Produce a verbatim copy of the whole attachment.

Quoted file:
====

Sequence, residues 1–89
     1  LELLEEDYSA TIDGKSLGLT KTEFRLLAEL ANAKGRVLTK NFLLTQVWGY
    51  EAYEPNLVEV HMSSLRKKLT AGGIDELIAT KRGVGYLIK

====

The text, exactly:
Sequence, residues 1–89
     1  LELLEEDYSA TIDGKSLGLT KTEFRLLAEL ANAKGRVLTK NFLLTQVWGY
    51  EAYEPNLVEV HMSSLRKKLT AGGIDELIAT KRGVGYLIK